Indonesia: Investigate police’s use of lethal force against Papuans in Deiyai

Amnesty International calls on the Indonesian authorities to immediately order an impartial and effective investigation into allegations that police used lethal force arbitrarily leading to the death of one man and injuries to at least ten other Papuans, including children in Papua province. The investigation should be carried out by a body independent of the police. The findings must be made public and those suspected of criminal responsibility, including those with command responsibility, must be brought to justice in fair proceedings and victims granted adequate reparations. The government must also put an end to the climate of impunity for perpetrators of such abuses.

On 1 August at around 1.30pm local time, unrest broke out in the compound of a construction company in Oneibo village, Deiyai, Papua province. It was apparently triggered after workers of the company refused to lend a car to take a victim of drowning to the nearby hospital. The young Papuan man died subsequently. In protest, dozens of villagers entered the company compound and destroyed a tent owned by the company. When police personnel arrived, including the police Mobile Brigade (Brimob) the protesters threw stones at them

In response, police personnel arbitrarily opened fire into the crowd without any warning, hitting Yulianus Pigai, aged 27, on his thighs and stomach. At least ten other people also suffered gunshot wounds. They were immediately taken to Waghete Hospital but Yulianus Pigai died on the way.

The Spokesperson of Regional Police for Papua issued a statement later on the same day stating the police had complied with existing regulations and that police used rubber bullets and had fired warning shots. To date, no autopsy has been performed to establish the cause of the death. However, based on the internal investigation on 11 August the Chief of Regional Police for Papua stated that the police personnel allegedly violated the standard procedure for dealing with the mass unrest.

Under international law and standards, Indonesia is legally obliged to respect and protect everyone’s right to life at all times. Law enforcement officials may use force only when strictly necessary and to the extent required to carry out a legitimate law enforcement objective; they must not use firearms except in self-defence or defence of others against the imminent threat of death or serious injury or to prevent a particularly serious crime involving grave threat to life, to arrest a person presenting such a danger and only when less extreme means are insufficient to achieve these objectives. Intentional lethal use of firearms may only be made when strictly unavoidable to protect life.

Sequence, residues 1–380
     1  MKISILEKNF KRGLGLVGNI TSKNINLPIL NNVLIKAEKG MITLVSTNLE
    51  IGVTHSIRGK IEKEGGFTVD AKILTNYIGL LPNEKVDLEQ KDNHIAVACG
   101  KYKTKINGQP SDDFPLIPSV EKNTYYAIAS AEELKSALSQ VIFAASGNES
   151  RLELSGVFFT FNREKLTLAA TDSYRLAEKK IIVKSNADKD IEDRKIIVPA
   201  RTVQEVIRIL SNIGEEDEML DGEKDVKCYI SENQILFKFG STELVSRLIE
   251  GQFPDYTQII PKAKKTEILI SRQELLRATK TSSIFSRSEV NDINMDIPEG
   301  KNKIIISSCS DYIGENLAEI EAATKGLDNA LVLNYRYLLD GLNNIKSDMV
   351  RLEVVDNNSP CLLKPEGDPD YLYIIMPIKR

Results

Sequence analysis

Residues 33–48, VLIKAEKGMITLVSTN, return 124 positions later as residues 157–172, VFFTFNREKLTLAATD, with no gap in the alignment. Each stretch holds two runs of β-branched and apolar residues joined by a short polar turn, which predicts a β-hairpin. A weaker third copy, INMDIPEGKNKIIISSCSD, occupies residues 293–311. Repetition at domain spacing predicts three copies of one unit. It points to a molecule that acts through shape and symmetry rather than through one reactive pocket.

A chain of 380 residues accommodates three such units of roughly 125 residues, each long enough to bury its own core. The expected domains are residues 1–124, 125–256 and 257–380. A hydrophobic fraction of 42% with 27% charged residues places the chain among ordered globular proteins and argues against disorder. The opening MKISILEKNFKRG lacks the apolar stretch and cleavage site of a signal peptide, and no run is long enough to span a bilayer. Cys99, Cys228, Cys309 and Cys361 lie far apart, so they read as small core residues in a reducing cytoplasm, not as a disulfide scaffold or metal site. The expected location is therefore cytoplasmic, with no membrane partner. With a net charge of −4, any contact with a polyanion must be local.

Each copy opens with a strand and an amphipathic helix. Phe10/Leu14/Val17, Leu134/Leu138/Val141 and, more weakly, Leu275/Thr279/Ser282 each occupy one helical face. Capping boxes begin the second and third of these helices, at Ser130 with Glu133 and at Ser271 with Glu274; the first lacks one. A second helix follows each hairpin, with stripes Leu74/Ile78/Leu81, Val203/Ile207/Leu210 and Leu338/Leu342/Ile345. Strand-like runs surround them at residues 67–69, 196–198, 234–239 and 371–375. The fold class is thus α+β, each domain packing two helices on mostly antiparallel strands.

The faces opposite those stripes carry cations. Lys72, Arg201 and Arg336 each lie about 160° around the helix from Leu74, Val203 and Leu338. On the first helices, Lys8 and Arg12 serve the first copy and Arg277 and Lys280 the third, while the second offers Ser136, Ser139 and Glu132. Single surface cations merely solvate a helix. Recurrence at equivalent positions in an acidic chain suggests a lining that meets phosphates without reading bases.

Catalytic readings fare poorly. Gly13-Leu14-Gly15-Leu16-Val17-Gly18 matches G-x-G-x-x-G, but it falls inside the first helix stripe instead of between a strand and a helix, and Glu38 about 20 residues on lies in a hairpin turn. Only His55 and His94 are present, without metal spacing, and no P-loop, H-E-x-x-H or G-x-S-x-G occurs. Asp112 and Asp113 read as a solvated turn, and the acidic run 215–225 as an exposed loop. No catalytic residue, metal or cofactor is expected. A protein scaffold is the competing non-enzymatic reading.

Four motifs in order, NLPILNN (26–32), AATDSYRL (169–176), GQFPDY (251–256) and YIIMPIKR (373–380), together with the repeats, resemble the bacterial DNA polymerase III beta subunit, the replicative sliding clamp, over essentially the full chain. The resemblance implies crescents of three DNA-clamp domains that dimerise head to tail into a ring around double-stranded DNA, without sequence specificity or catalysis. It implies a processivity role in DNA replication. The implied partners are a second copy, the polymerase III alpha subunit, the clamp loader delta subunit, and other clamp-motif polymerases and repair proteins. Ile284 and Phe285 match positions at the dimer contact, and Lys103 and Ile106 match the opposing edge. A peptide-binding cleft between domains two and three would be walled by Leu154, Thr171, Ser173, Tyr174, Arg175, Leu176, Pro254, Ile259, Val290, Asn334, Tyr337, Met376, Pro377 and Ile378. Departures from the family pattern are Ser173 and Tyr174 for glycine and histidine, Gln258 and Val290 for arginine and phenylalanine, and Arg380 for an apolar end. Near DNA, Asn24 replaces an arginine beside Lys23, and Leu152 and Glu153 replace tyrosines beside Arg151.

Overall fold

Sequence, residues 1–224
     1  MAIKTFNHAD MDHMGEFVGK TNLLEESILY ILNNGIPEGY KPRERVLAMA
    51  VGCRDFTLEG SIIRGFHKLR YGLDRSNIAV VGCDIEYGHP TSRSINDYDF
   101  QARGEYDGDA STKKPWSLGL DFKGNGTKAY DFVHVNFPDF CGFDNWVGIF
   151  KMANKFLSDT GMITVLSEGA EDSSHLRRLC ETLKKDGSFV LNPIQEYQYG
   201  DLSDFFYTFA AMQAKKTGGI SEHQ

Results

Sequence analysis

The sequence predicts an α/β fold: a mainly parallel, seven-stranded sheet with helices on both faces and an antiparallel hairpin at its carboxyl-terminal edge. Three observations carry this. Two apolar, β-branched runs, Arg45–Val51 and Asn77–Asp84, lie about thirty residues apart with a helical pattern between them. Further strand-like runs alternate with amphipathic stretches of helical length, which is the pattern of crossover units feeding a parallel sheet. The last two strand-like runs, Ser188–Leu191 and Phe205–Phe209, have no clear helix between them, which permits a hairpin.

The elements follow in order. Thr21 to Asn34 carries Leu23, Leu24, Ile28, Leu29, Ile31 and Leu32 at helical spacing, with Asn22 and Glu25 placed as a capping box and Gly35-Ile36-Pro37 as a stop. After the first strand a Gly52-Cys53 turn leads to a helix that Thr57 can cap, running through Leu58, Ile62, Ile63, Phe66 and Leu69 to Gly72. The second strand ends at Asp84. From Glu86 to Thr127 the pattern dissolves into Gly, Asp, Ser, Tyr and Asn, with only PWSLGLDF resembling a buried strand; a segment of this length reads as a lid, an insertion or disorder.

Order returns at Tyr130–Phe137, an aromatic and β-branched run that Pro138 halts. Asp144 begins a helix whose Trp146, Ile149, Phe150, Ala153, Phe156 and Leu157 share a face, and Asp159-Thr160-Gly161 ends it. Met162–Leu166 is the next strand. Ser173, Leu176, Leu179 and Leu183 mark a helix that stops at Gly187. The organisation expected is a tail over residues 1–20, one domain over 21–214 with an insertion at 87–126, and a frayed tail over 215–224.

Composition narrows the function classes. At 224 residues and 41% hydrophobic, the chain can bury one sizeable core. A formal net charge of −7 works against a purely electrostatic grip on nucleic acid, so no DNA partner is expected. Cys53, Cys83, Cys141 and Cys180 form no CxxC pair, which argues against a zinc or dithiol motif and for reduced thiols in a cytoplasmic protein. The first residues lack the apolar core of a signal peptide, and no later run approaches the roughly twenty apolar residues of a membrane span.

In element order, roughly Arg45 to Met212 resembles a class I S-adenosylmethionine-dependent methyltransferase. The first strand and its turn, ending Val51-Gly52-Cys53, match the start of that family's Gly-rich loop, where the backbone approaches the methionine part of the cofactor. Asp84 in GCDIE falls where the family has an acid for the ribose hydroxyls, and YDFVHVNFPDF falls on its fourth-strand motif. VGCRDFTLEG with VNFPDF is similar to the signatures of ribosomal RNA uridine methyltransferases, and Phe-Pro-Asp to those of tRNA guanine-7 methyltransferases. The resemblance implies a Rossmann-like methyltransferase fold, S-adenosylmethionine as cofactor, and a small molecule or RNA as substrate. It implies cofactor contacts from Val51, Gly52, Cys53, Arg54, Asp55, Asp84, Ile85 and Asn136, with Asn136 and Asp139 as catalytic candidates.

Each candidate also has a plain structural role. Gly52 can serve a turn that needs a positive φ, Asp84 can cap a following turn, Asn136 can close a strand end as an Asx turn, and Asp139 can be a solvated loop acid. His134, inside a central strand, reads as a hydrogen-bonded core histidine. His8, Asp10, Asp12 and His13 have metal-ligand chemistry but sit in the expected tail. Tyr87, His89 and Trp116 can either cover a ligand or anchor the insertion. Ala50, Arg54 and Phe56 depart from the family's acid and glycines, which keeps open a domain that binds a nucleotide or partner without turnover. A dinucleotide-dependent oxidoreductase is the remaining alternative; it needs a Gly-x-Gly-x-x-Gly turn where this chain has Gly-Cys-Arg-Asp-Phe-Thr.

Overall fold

While Amnesty International acknowledges the complex environment law enforcement officials often find themselves in when carrying out their duty they must ensure full respect for the right to life, liberty and security of all persons, including those suspected of crime.
The use of force and firearms directly impacts on the right to life, which is protected under Article 6 of the International Covenant on Civil and Political Rights, which Indonesia is obliged to comply with a state party. The use of force is therefore subject to strict human rights safeguards as set out in the UN Code of Conduct for Law Enforcement Officials (1979) and the UN Basic Principles on the Use of Force and Firearms by Law Enforcement Officials (1990). The use of force by law enforcement officials in Indonesia is further regulated by the Indonesian Chief of Police Regulation on the Use of Force in Police Action (No. 1/2009).

Allegations of arbitrary or abusive use of force by police or other security forces carrying out law enforcement duties must be efficiently investigated by an independent and impartial mechanism. The authorities must also ensure that victims of such violations and their families receive full and effective reparations, including compensation.

Amnesty International is also concerned that police accountability in Indonesia has been hampered by the lack of an independent, effective, and impartial oversight mechanism to investigate human rights violations committed by the security forces and where appropriate to take forward its findings for prosecution. Criminal investigations into human rights violations by the police are rare in Indonesia and attempts to hold those responsible to account, mostly through internal disciplinary mechanisms, leave many victims without access to justice and reparation.


Amnesty International believes that the Deiyai case is not an isolated incident but speaks to a culture of impunity that continues to exist in the Papua region. Many previous investigations into human rights violations committed by the security forces in Papua and West Papua provinces, including unlawful killings, the use of unnecessary and excessive force, and torture and other ill-treatment, have been unduly delayed, dropped, or their findings buried, resulting in impunity for perpetrators and leaving victims and their families without access to truth, justice and reparations.

In almost all cases that have been taken forward, members of the police forces in Papua and West Papua provinces do not face any type of proceedings or are just face disciplinary sanctions when found to have committed human rights violations. There is still a lack of accountability for numerous cases that have occurred in the Papua region over the last few years.

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